I first became acquainted with hip carries when my young infants hit a point of wanting to see out in the world. They were no longer content facing me but still needed the support, comfort, and monitoring that a front carry would offer. My babies have had a tendency to mature faster mentally than physically, and although they desired to see the world very early on in their life, they didn’t have the head and neck control, or the upper spine support that would stabilize them in a forward facing out carry. Once they developed the strength enough to safely face outward in a carrier I found that position to be very hard on my back, as the baby’s body uncomfortably shifted my center of gravity. I discovered with my children that it was important for me to find a carry that I could use that would give my young infants a view of the world while still offering them the physical and emotional support necessary, while also providing me with lasting comfort as well.

The off center carry is a great way to appease an infant with growing awareness and curiosity. It has the potential to provide the caretaker with the ability to easily monitor a baby who is still working on developing head, neck, and spinal support, and also give them the structure and carrier support they need as well, all while giving them a great view! A ring sling and a woven wrap are great ways to do an off center carry for a young infant. When choosing a carrier to perform an off center carry for a young infant, it’s important to use a device that has the potential to provide your baby with the utmost amount of support. Although Mei Tai’s and Soft Structured Carriers are great for hip carries in older infancy, ring slings and woven wraps provide more optimal support and positioning for use with an off center carry with a young infant.

As seen in the picture below, this babywearer is wearing her young infant in an off center carry. She is doing so in both a ring sling and a short woven wrap. The baby’s legs are not straddling the caretaker, rather they are in a natural spread squat position with the bottom lower than then knees. This is an optimal example of how to wear a young infant in an off center carry to give them a better view, but a stable resting place as well.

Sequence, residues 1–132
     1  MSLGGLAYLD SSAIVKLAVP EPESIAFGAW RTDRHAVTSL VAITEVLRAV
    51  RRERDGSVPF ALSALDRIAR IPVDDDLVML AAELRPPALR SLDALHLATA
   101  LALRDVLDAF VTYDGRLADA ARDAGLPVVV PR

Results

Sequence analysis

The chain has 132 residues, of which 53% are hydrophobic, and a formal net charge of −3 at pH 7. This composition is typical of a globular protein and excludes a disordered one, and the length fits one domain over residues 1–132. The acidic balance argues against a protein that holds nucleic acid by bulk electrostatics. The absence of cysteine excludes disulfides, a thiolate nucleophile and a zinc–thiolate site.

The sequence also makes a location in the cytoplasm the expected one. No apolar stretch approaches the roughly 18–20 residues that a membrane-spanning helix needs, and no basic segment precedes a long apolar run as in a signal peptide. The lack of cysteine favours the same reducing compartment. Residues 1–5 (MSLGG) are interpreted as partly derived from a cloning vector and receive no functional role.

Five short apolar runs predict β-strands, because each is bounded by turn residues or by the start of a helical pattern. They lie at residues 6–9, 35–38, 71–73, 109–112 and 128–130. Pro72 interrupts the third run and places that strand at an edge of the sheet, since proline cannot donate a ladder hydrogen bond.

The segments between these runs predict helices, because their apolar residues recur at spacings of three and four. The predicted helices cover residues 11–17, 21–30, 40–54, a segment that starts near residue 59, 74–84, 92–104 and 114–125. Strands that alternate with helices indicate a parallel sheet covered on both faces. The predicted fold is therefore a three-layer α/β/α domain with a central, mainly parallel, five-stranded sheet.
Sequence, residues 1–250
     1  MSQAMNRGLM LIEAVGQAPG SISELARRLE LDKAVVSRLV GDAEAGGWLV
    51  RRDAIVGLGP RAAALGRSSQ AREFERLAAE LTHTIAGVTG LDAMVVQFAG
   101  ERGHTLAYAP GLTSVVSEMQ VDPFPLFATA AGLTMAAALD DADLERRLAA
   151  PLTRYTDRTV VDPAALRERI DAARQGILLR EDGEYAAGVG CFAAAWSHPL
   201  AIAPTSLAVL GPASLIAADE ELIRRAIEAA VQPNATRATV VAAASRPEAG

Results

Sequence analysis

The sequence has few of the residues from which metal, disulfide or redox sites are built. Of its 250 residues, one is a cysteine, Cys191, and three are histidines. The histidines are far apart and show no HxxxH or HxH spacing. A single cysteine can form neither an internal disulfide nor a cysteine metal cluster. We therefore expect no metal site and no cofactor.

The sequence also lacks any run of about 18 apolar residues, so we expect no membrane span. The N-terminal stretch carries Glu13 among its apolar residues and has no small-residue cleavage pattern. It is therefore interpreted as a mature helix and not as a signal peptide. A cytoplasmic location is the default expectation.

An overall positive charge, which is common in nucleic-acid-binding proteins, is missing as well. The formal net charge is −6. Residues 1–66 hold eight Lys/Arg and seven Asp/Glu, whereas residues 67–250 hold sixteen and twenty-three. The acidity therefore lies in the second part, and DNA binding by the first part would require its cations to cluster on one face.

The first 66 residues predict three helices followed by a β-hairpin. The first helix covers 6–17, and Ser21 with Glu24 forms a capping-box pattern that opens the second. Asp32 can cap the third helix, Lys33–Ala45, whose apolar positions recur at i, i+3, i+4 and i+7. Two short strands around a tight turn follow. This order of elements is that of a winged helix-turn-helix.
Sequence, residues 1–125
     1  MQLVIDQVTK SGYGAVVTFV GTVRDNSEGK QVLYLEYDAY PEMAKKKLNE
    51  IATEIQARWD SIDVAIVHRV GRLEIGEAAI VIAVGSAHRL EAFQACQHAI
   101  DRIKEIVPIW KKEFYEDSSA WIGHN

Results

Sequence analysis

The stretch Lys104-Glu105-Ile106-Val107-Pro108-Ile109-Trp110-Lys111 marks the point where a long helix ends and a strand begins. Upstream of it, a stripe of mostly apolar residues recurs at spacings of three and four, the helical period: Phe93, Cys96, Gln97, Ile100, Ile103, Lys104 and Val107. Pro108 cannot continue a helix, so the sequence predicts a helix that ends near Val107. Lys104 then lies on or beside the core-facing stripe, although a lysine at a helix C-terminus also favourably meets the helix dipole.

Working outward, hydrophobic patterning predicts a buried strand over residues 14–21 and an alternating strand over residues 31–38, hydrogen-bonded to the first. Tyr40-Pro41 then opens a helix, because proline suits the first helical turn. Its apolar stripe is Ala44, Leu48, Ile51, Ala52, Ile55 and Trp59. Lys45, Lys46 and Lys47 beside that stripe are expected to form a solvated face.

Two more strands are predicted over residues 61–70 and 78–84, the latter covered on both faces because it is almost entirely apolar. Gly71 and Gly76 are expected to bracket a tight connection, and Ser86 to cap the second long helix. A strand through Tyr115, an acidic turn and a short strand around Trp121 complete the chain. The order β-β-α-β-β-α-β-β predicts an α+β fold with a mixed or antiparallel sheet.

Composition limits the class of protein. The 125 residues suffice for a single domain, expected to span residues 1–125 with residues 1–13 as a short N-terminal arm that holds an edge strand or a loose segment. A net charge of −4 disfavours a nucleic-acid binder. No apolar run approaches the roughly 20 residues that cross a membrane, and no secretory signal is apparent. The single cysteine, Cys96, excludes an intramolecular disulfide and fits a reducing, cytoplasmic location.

Hip Carries with an older infant (apx. 6-12 months)

As my own babies grew older and gained the ability to sit unassisted, I found that carrying my baby facing toward me became more awkward as my growing baby took up more space on my front and made it more difficult to complete tasks while wearing. A back carry was always my go to for any long term wearing, but although back carries were more comfy for me, my children did not always prefer them and they weren’t always practical for the moment. All of my children have always been more than happy to ride on my back, but my hip is always where they’d rather be when in need of comfort, security, or wanting to nurse.

As a baby ages and gains more body strength, the hip carry options for infants expand greatly. A 6-12 month old infant has a fair amount of spine strength, solid head and neck support, and can often sit unassisted. This is perhaps one of the most enjoyable times to wear a baby in eye’s view as the baby becomes more interactive with you and the world around them. They are continuing to learn from your actions and reactions, they are comforted by making eye contact with you, and the conversations  and exchange of interactions begin to deepen. With your older infant on your hip they still have the access to you that they desire, and you can accommodate this style of carrying easily with a variety of options. Soft structured carriers, ring slings, Mei Tai’s, woven wraps, and pouch slings all have the capacity to provide a comfortable hip carry at this stage.